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Ispahani v. Allied Domecq Retailing USA

320 N.J. Super. 494, 727 A.2d 1023 (App. Div. 1999)

FRANCHISES; TRADEMARKS—The federal Lanham Act does not preempt the New Jersey Franchise Practices Act, and a court can refuse to grant injunctive relief to a franchisor that claims its franchisee is violating the franchisor’s trademark rights.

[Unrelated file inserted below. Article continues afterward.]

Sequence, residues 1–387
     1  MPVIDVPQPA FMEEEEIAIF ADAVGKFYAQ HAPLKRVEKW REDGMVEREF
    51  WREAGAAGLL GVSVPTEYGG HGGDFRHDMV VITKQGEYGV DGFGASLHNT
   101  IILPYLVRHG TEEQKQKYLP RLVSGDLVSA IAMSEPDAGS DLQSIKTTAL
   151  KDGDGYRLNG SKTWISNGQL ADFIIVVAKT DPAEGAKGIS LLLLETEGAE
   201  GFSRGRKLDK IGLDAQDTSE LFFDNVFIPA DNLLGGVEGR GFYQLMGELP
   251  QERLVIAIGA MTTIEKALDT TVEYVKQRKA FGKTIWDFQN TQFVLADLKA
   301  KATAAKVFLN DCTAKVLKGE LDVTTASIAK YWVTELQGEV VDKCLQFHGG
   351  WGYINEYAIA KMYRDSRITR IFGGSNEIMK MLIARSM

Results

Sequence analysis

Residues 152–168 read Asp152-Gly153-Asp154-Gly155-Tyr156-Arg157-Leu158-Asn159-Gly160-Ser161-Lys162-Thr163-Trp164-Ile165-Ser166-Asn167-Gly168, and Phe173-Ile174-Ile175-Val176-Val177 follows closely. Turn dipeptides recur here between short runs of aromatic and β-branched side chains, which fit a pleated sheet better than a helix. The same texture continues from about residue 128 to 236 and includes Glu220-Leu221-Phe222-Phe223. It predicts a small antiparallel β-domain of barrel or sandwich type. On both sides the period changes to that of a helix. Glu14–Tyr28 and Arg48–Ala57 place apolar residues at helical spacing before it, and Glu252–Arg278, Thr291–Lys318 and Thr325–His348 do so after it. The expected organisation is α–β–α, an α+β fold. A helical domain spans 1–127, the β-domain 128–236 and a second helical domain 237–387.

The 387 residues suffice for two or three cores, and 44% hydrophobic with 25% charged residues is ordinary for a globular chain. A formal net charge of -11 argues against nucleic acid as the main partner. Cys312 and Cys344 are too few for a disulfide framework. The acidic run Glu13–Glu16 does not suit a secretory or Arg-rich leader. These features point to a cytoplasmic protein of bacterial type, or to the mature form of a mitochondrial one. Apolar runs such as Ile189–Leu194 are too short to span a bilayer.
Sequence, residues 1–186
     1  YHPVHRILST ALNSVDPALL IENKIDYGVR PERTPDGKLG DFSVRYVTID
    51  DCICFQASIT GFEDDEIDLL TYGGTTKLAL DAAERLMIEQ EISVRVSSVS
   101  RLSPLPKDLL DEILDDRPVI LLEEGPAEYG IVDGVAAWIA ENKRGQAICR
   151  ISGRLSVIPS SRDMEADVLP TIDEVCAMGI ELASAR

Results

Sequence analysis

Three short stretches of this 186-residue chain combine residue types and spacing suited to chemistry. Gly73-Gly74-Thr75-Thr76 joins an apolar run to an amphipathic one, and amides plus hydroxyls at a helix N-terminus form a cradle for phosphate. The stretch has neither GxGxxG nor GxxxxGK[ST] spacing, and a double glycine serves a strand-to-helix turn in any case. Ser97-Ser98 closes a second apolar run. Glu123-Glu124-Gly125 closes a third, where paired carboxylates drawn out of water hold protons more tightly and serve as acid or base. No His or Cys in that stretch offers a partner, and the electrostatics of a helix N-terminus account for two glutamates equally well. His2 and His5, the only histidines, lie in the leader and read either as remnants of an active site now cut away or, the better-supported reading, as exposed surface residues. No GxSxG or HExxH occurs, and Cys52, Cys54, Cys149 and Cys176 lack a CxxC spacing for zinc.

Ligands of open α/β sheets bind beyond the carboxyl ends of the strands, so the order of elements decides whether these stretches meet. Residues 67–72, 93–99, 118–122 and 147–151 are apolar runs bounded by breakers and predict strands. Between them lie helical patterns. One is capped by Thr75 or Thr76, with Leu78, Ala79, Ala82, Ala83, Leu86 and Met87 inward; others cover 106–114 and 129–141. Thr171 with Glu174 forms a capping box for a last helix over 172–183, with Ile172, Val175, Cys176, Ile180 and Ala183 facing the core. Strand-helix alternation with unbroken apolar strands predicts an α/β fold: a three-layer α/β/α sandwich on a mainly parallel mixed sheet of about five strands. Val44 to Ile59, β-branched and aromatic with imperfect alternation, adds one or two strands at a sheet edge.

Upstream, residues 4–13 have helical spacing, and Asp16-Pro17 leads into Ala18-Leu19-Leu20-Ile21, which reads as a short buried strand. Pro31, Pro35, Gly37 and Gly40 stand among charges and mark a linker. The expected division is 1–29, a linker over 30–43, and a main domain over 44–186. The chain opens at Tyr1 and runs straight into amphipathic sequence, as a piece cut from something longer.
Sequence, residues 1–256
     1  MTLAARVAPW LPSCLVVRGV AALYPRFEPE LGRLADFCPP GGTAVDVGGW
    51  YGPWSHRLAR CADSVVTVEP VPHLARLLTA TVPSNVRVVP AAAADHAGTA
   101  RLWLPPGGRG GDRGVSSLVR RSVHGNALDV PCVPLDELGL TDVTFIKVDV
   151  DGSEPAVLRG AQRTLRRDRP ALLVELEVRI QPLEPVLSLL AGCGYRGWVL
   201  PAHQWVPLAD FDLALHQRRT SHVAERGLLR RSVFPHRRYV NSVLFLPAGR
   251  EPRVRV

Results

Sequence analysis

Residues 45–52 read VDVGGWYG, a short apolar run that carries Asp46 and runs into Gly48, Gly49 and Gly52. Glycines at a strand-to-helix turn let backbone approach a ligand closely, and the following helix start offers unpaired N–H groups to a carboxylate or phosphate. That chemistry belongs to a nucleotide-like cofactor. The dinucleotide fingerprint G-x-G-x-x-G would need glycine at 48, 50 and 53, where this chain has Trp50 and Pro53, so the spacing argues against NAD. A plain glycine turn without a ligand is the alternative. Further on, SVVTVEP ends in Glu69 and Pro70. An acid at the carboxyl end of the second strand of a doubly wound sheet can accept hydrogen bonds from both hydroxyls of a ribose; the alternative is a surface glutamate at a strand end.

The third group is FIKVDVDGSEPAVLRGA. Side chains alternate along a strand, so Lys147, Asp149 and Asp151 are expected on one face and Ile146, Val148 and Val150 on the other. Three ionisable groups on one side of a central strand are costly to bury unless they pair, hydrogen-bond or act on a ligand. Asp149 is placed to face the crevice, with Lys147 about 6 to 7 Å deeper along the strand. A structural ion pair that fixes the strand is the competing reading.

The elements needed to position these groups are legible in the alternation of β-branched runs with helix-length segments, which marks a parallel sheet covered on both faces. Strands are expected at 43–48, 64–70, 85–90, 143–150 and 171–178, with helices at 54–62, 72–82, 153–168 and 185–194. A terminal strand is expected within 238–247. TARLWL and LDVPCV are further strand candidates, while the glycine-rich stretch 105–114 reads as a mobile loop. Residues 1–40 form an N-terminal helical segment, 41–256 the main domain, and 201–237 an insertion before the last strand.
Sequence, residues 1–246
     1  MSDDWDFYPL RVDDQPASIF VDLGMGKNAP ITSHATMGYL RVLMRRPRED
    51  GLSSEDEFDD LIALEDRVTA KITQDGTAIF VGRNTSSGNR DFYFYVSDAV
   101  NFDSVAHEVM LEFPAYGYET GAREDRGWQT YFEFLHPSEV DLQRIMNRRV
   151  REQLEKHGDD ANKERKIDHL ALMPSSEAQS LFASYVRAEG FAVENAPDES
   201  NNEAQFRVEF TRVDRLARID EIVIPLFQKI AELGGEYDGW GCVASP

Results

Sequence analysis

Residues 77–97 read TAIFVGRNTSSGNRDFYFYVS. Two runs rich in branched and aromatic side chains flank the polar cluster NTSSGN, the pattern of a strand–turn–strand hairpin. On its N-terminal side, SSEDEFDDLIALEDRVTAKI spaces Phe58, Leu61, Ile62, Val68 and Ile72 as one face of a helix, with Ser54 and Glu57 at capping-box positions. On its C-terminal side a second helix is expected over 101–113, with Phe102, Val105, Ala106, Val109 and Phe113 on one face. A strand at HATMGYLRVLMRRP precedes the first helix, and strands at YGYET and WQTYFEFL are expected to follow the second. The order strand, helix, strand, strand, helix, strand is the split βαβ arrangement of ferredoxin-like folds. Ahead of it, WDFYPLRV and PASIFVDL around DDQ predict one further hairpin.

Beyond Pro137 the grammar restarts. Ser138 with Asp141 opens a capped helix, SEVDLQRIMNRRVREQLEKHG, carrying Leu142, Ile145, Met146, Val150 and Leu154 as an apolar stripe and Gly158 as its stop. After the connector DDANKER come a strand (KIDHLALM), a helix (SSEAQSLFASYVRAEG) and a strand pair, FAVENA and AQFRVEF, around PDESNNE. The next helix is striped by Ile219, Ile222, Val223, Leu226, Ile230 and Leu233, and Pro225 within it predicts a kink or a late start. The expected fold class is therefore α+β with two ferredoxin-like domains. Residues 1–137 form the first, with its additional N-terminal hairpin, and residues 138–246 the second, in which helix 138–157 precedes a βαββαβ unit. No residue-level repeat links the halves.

A donut franchisee had a number of stores and the right to open four additional stores in locations to be approved by its franchisor. Even though the franchisee had purchased property for a new store site and incurred substantial additional expenses allegedly in reliance on verbal approval from a representative of the franchisor, the franchisor refused to grant its approval with respect to the new location. In the suit that followed, the franchisor filed a counterclaim against its franchisee alleging that the franchisee had breached its obligations under the franchise agreement by failing to pay continuing franchise fees and contributions towards advertising expenses. The franchisor also alleged that it had sent all notices required by the franchise agreement including a termination notice. The franchisee’s claim and the franchisor’s counterclaims were pending when the franchisor moved to enjoin the franchisee “from operating donuts shops at their former franchise locations” during the pendency of the litigation. The lower court did not grant the injunctive relief that was sought because it did not believe that the franchisor had made the showing necessary to justify the relief. In particular, it held that the franchisor did not show that the harm to it if the injunction were denied would be greater than the harm to the franchisee if the injunction were granted. The franchisor also argued that it was not obligated to prove the franchisee’s material breach of contract or its own clean hands to justify termination of the franchise. Its argument was that, “as a matter of federal law, a franchise resting on a federally registered trademark can be revoked for any reason, or at least for any infraction of the franchise agreement, without regard to either its own responsibility for the breach or the materiality of the breach.” The Court did not agree with the franchisor. Instead, it pointed out that in a small majority of jurisdictions where wrongful termination claims were held not to be valid defenses to a Lanham Act claim, those decisions appeared to be based on the notion that a franchisor can unilaterally withdraw Lanham Act “consent” to use a mark, subject only to the risk that if that action were later held to be unlawful, the franchisor could be liable for a damage award to the franchisee. In the Court’s view, “[m]ore commonly, however, courts examine whether termination or nonrenewal was lawful to determine whether there has been a violation of the Lanham Act. These cases thus appear to assume that Lanham Act “consent” is subject to state law – both statutory and common law – regulating franchise termination and nonrenewal.” According to the Court, the franchise agreement was subject to the New Jersey Franchise Practices Act. That Act prohibits termination of a franchise except for good cause and, according the Court, is not preempted by the Lanham Act or any other federal law. Consequently, the injunctive relief was properly denied and the parties’ rights and responsibilities were left to be determined following trial.


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